On March 4, 2010, the U.S. Court of Appeals for the Federal Circuit issued a precedential decision in Roche v. Merit Systems Protection Board (No. 2009-3111). Affirming the Merit Systems Protection Board (MSPB) decision below, the Federal Circuit found no MSPB jurisdiction over Roche's removal by the Federal Aviation Administration (FAA).
Roche was hired by the FAA as an air traffic controller specialist in February 2006 on an excepted service appointment and was removed in September 2007. In its removal notice, FAA noted three appellate avenues: a union grievance, an administrative appeal with FAA or appeal to the MSPB. Roche chose to appeal to the MSPB.
After a hearing, but before issuing a final decision, the MSPB administrative judge issued an order to show cause why Roche's appeal should not be dismissed for lack of MSPB jurisdiction. After briefing, the administrative judge dismissed Roche's case in May 2008. The administrative judge found that Roche was a non-preference eligible employee in an excepted service position, and as such fell outside of the definition of an "employee" with MSPB appeal rights under 5 U.S.C. § 7511.
Roche petitioned the MSPB for review. On December 8, 2008, the MSPB modified the administrative judge's decision but affirmed its result. Roche v. Department of Transportation, 110 M.S.P.R. 286. Roche argued in his petition for review that the 5 U.S.C. § 7511 definition of "employee" did not apply to FAA employees like him under the special jurisdictional rules which only apply to FAA and TSA. Specifically, under 1996 legislation, the FAA (and TSA, then a part of FAA) were exempted from most parts of Title 5 of the U.S. Code—including the provisions governing MSPB appeals. Congress restored preexisting MSPB appeal rights in 2000 under the Ford Act (P.L. 106-181, codified as amendments to 49 U.S.C. §§40122(g)(2)(H), 40122(g)(3))—but did not expressly reinstate the 5 U.S.C. § 7511 definitions section. Both Roche and the FAA therefore argued that the definitions in the FAA's internal personnel management system—which would have granted MSPB appeal rights to Roche after one year of service—applied to Roche's case. The MSPB, however, interpreted the text of the Ford Act as implicitly reapplying the 5 U.S.C. § 7511 definitions to FAA and TSA employees. Roche then appealed to the Federal Circuit.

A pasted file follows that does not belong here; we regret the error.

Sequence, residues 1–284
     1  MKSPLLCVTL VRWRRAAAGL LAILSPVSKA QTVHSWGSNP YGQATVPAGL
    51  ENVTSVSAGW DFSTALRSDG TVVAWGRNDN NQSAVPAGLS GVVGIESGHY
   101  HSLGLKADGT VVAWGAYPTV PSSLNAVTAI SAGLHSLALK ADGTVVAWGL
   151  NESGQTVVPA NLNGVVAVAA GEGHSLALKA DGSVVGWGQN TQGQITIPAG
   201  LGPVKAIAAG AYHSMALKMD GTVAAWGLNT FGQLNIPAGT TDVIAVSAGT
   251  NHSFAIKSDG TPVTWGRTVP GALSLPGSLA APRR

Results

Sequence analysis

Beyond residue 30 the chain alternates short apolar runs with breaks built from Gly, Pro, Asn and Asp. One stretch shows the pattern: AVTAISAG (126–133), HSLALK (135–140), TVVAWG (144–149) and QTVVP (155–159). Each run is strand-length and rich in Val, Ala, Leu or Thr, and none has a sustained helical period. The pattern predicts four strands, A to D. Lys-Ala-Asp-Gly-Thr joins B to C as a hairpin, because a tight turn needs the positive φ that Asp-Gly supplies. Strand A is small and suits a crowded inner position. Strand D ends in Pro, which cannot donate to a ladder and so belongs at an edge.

In its decision, the Federal Circuit affirmed the MSPB's statutory construction analysis. The Federal Circuit also concurred with the MSPB that the broader FAA definition of "employee" would be inconsistent with the Ford Act's intent to reinstate preexisting appeal rights, as the FAA's definition would have extended appeal rights to previously uncovered FAA employees such as political appointees. Accordingly, the Federal Circuit found Roche's case outside of the MSPB's limited jurisdiction since Roche was non-preference eligible and lacked two years of tenure with the FAA. Thus it affirmed the dismissal by the MSPB. The Federal Circuit noted that, with all other appellate options now time-barred, Roche had no further appeal rights.
* This information is provided by the attorneys at Passman & Kaplan, P.C., a law firm dedicated to the representation of federal employees worldwide. For more information on Passman & Kaplan, P.C., go to http://www.passmanandkaplan.com